What’s killing Big American Beer?
More Americans are putting down Buds and Coors, instead grabbing wine, liquor, Corona and Michelob.
Americans’ changing drinking habits have been taking shape for years, but the trend accelerated in 2018. Beer shipments from U.S. breweries are down 3.5% so far this year, according to The Beer Institute, an industry trade group.
The big four U.S. brands — Bud Light, Miller Lite, Coors Light, and Budweiser — have been hit particularly hard.
What’s wrong with Big American Beer? Drinkers think it’s stale, compared to the innovative new brands and creative concepts emerging from craft breweries, vineyards and distilleries.
“Well-established category leaders are finding it challenging to maintain their relevance against a backdrop with so much innovation and new brand activity,” said Cowen analyst Vivien Azer. “You now see a much more promiscuous alcohol consumer.”
Brewpubs and axe-throwing bars
A wider selection on the shelves and growing concepts, such as brewpubs, taprooms, music festivals, axe-throwing and similar gaming bars, have created challenges for the once-dominant players. More people are also drinking when they eat out at restaurants or order food at home.
“We estimate that meals represent over 40% of total alcohol-appropriate occasions globally, though beer is underrepresented,” Anheuser-Busch InBev CEO Carlos Brito told analysts last month.
American drinkers have found that beer doesn’t go with everything. Instead of choosing beer for every alcohol occasion, more people are making their decisions based on social activities, Nielsen alcohol analysts say.
Azer said drinkers today might reach for a Mimosa at brunch, but pick a glass of wine or a cocktail at happy hour, bourbon on a cold night, or a beer during a Sunday football game.
AB InBev, the distributor of Budweiser, Bud Light, and Stella Artois, is trying to reposition its beers to fit the changing drinking environment.
“Budweiser is the perfect beer for high-energy, premium party occasions,” Brito said.
Shifts in younger drinkers’ preferences have upended the industry.
Millennials have shown a tendency to experiment across categories, explained Eric Shepard, executive editor of trade publication Beer Marketer’s Insights.
Fewer people today say they exclusively drink beer or wine, and category lines are blurring, with the rise of flavored malt beverages, spiked seltzers, and exotic bourbon and whiskey wines, Nielsen analysts have found.
More women are also drinking. Women favor wine and cocktails at a higher rate than men, these analysts say.
Craft brews, once the bright spot in the U.S. beer industry, are beginning to grow at a slower pace.
“There’s a certain saturation point that you reach in any kind of trend,” said Robert Ottenstein, an analyst at Evercore ISI. “Not everybody is an experimenter.”
Many drinkers have settled into their go-to craft brands after testing out the myriad lines and flavors that have cropped up in recent years.
At a Stifel analyst conference earlier this month, outgoing Craft Brew Alliance chief financial officer Joe Vanderstelt said that many craft lagers were not immune to drinkers replacing beer with wine and spirits. Craft Brew believes its Kona brand can continue to attract new drinkers.
Craft wine and liquor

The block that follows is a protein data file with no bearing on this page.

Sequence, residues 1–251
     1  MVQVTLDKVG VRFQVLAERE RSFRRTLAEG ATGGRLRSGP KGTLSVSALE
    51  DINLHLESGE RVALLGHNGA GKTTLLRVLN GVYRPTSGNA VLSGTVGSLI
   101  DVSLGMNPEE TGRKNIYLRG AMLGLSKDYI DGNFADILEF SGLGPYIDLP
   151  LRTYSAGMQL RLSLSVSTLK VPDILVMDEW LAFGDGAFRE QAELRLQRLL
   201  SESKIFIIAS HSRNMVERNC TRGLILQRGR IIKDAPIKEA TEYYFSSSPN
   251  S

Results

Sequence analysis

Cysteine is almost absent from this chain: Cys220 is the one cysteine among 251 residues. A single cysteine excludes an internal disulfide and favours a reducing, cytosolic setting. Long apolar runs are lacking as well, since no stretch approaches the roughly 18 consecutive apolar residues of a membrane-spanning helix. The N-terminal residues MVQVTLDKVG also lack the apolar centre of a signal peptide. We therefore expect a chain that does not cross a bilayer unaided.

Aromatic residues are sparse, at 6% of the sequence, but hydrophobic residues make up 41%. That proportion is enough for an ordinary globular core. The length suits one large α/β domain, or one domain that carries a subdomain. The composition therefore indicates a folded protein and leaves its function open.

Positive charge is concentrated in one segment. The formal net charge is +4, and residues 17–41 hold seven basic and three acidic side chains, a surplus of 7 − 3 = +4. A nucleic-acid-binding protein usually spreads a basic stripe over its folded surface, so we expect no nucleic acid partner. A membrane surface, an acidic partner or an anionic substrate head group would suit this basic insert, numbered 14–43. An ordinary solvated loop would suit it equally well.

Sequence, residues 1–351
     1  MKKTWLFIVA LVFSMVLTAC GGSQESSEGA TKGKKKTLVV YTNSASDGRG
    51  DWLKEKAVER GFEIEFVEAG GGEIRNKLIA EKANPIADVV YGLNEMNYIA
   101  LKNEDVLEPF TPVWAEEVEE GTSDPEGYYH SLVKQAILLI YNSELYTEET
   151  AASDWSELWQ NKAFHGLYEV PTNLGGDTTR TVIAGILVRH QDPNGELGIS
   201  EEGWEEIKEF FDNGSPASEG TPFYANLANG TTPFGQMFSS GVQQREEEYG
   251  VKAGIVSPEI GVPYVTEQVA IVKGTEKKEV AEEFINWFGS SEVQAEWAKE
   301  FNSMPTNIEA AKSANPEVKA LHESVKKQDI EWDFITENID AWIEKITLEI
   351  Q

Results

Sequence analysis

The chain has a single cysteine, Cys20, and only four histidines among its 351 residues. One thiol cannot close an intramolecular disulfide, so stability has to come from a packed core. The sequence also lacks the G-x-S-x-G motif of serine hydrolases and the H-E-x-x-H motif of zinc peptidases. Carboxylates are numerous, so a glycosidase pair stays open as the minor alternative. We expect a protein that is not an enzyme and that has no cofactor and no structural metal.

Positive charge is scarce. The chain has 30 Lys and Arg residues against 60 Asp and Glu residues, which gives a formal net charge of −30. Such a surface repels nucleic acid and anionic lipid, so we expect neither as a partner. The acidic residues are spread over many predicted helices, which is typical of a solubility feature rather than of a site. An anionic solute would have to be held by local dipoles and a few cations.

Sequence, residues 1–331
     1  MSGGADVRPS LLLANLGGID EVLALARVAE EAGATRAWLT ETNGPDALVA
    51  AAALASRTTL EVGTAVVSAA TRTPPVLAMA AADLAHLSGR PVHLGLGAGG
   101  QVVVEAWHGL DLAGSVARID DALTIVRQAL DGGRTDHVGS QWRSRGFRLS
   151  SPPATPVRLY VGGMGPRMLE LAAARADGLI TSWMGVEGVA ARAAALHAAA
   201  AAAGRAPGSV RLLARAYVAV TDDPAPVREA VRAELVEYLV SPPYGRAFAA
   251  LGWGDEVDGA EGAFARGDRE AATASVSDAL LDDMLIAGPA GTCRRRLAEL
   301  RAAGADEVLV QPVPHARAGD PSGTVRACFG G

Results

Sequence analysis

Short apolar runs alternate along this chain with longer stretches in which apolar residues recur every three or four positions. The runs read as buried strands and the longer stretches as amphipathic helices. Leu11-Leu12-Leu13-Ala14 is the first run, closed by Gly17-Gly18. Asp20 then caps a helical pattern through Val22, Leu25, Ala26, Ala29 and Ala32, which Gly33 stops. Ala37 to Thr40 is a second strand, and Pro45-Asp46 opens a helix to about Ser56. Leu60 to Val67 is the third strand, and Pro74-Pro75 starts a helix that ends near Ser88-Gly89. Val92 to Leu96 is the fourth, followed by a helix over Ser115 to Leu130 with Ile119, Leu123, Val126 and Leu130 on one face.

Wines and liquors — roses, proseccos, bourbons, whiskeys, tequilas, and cognacs — have recently taken advantage of the same phenomenons that led to the craft explosion, said Mimi Bonnett, an analyst at consumer research firm Mintel.
“Most wines and spirits are also well positioned to leverage the nuances of ‘craft’ without much effort,” she said. “They share many of the same traits: heritage, hand-craftsmanship, aged qualities, regionality, a sense of premium and, in some cases, small batch.”
Tito’s Handmade Vodka has been a “blockbuster” over the past several years, Ottenstein said, while Jack Daniel’s brands have led to a whiskey resurgence.
“It was really the launch of Jack Daniel’s Tennessee Honey that set the category on its growth cycle,” Azer said.
Big beer slips
“Growth in wine and spirits has continued. There’s no doubt about that,” MillerCoors CEO Gavin Hattersley said last month. 21- to 27-year old drinkers have drifted away from beer, Hattersley told analysts.
MillerCoors’ owner Molson Coors reported a 3.8% loss of volume in the United States last quarter. The weak results drove its stock to a four-year low. AB InBev reported a 4.1% decline in North America.
The most recent quarter was another mark in the steady decline of beer’s popularity and the erosion of AB InBev and Molson Coors’ market share.
Since 2002, beer’s share of the alcohol market has fallen to 46% from 54%, according to Cowen. Wine has jumped to 37% from 30%, while spirits have ticked up to 17% from 16%.
Americans are still drinking beer — just better beer. The premium end of the market is growing faster than the bottom portion.
“There’s a huge shift toward higher end beer,” Ottenstein said.
Constellation Brands, the Mexican-based distributor of Corona, Modelo and Pacifico, has capitalized on Americans’ love for imported lagers. Shipments from Mexico, the largest beer exporter to the United States, were up 9.5% through May, the Commerce Department said.
Constellation is now expanding with new lines such as Corona Premier and Corona Refresca.
Premier will take on Michelob Ultra, a low-carb light beer that has been one of the most successful beers for AB InBev. It has grown its share for three straight years by appealing as a “lifestyle” beer for more affluent, active drinkers.